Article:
12 noon Angelus, Vigil Mass, Blessing of Crib and Preparation for Christmas.
Confessions from 11.30 a.m.
St. John the Evangelist
12.35 p.m. MASS
Saturday, 22 December 2012
VATICAN CITY (CNS) — Pope Benedict XVI advanced the sainthood cause of Pope Paul VI by recognizing the Italian pope as having lived the Christian virtues in a heroic way.
During a meeting Dec. 20 with Cardinal Angelo Amato, prefect of the Congregation for Saints' Causes, the pope signed the decree approving the heroic virtues of Pope Paul VI, making him "venerable." Before Pope Paul can be beatified, the Vatican must recognize that a miracle has occurred through his intercession.
Born Giovanni Battista Montini in 1897 in the northern Italian province of Brescia, Pope Paul VI is probably best remembered for seeing the Second Vatican Council through to its end and helping implement its far-reaching reforms.
Amid the strains and pressures following Vatican II, he received the nickname the "Hamlet pope," for his reportedly anguished decision-making and his evident suffering over problems of the church. However, he was also remembered as a strong leader who decisively guided the church through a time of crisis.
Pope Paul was the first modern pontiff to start visiting local churches around the globe, making nine major trips abroad.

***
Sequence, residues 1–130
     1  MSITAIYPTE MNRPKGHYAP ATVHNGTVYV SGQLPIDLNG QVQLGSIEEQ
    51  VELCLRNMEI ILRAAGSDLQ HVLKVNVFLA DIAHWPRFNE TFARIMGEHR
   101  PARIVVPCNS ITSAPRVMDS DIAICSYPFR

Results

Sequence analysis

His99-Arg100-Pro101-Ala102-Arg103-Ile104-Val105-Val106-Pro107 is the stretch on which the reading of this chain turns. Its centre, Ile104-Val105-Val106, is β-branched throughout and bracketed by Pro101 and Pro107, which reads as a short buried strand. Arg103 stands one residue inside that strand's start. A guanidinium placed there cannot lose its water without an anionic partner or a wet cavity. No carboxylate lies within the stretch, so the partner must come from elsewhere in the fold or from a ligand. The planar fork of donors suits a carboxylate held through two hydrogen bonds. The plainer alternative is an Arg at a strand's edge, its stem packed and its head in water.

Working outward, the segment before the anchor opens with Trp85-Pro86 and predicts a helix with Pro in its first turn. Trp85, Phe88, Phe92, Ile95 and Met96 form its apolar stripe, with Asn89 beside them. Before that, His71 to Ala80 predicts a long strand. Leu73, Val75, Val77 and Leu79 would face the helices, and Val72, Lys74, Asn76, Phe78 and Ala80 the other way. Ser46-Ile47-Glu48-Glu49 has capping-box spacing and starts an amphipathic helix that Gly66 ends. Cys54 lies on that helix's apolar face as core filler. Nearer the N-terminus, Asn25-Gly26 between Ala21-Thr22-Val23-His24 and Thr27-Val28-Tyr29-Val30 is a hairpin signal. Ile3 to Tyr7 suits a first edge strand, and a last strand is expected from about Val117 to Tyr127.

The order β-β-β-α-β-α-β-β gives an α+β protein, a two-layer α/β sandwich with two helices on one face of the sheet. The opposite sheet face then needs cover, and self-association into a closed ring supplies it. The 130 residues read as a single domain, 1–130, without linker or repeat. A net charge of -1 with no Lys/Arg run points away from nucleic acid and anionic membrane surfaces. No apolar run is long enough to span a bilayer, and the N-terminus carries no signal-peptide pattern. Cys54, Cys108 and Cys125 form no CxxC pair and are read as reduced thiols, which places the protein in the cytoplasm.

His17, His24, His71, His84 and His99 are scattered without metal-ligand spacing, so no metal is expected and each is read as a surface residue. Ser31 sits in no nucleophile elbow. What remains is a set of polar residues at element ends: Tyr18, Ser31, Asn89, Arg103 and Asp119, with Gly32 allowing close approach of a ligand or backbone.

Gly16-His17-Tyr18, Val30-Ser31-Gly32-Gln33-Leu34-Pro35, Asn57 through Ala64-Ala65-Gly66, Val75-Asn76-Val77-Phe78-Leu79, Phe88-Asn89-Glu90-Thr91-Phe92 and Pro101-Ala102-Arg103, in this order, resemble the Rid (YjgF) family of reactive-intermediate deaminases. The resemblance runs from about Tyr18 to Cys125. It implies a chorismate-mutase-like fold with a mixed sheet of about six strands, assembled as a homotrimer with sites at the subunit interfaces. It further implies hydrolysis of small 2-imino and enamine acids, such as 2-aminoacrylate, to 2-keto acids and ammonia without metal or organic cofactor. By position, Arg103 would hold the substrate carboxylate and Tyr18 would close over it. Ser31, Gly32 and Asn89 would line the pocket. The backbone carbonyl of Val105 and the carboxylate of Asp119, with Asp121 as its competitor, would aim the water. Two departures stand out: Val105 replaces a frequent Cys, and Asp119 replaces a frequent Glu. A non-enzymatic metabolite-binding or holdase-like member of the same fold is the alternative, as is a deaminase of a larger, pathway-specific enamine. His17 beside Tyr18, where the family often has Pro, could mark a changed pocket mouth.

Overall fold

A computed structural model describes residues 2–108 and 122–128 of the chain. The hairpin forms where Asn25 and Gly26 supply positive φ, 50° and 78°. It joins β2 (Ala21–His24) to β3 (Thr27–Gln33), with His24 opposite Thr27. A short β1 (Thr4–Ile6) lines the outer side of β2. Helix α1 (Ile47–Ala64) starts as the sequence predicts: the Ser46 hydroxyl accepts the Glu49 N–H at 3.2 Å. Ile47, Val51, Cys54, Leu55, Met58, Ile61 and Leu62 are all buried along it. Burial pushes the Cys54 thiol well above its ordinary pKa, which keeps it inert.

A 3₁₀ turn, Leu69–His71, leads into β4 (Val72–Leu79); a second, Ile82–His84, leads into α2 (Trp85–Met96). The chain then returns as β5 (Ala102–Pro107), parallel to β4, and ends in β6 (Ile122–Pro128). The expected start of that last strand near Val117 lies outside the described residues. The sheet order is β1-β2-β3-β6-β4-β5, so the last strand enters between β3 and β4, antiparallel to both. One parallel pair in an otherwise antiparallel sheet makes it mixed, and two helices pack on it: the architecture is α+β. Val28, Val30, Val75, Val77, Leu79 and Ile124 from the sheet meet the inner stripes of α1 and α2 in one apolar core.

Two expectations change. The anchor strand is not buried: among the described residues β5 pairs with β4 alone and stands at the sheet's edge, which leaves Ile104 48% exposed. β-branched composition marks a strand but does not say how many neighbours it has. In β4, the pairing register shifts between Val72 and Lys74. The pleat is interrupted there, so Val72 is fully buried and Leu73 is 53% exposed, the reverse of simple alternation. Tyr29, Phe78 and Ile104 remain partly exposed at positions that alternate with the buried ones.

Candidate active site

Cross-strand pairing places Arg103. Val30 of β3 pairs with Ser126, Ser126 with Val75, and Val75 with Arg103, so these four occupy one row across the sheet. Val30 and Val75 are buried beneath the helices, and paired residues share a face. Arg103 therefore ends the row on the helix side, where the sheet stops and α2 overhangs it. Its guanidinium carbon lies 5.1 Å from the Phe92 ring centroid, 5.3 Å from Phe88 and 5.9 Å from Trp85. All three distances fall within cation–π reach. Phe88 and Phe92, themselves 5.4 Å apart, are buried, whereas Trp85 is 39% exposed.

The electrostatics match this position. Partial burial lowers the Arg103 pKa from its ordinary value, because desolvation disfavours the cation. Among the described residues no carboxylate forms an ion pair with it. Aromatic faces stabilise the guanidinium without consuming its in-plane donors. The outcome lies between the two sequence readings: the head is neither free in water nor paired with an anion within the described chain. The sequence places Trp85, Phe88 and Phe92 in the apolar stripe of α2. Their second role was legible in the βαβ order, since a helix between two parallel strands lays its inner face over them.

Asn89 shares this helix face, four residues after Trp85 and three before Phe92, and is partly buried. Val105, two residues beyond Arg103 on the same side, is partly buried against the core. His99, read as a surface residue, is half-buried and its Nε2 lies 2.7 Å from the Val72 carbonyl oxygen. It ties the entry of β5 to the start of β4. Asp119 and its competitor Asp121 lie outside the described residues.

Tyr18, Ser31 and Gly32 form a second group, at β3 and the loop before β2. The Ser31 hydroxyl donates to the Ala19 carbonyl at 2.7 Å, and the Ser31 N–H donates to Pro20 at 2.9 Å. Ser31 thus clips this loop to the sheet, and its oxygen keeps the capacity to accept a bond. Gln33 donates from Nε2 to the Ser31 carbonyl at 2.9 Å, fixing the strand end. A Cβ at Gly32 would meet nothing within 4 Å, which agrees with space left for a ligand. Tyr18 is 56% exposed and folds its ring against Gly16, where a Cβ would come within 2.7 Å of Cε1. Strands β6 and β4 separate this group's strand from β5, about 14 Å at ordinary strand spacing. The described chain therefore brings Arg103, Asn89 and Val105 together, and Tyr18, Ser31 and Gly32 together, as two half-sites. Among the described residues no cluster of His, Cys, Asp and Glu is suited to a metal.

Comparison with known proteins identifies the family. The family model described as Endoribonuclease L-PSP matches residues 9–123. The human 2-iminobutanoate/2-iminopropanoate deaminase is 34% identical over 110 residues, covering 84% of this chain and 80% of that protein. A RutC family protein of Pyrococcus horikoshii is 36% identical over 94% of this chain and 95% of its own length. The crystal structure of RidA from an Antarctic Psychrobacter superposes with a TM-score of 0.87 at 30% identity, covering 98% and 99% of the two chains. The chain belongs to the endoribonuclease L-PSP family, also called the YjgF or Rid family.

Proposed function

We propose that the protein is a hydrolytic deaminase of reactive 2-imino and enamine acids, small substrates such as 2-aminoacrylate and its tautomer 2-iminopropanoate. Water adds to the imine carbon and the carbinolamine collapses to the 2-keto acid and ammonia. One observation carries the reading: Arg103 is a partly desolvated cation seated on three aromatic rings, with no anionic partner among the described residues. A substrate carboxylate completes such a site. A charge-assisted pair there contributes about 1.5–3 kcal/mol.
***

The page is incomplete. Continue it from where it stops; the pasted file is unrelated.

Prior to his election, he spent more than 30 years helping to run the Vatican's diplomatic machinery at the Secretariat of State, but his diplomatic skills never overshadowed his priestly love of serving those in need.
He worked on behalf of prisoners and the politically persecuted during World War II, pleaded for peace to world leaders, appealed for the lives of condemned terrorists and kidnapped politicians, and donated the papal tiara to raise money for the poor.
He was elected pope in 1963 and died at age 80 in 1978. The Rome Diocese officially opened his sainthood cause in 1993.
Monday, 17 December 2012
I was very sad today when I heard the news that Father Philip North has withdrawn his acceptance of becoming the new Bishop of Whitby but will remain at his present parish of Old St. Pancras where he is Team Rector..
This is a great loss not only to the people of the See of Whitby but to Anglo-Catholics generally.
Fr. North said in a statement issued on the Diocese of London website: “It was a great honour to be chosen for this role and I had been very much looking forward to taking up the position.
“However, in the light of the recent vote in the General Synod and having listened to the views of people in the archdeaconry of Cleveland, I have concluded that it is not possible for me, at this difficult time for our Church, to be a focus for unity.
“I have therefore decided that it is better to step aside at this stage.
“I have reached this decision after a time of deep reflection and feel sure that it is for the best. I now look forward to refocusing my energies on the pastoral needs of my parish.”
Bishop of London the Rt Rev Richard Chartres said: “I can understand the reasons for Philip’s decision. He is a gifted and energetic priest and I am glad that he remains in this diocese to continue his outstanding work in Camden Town.”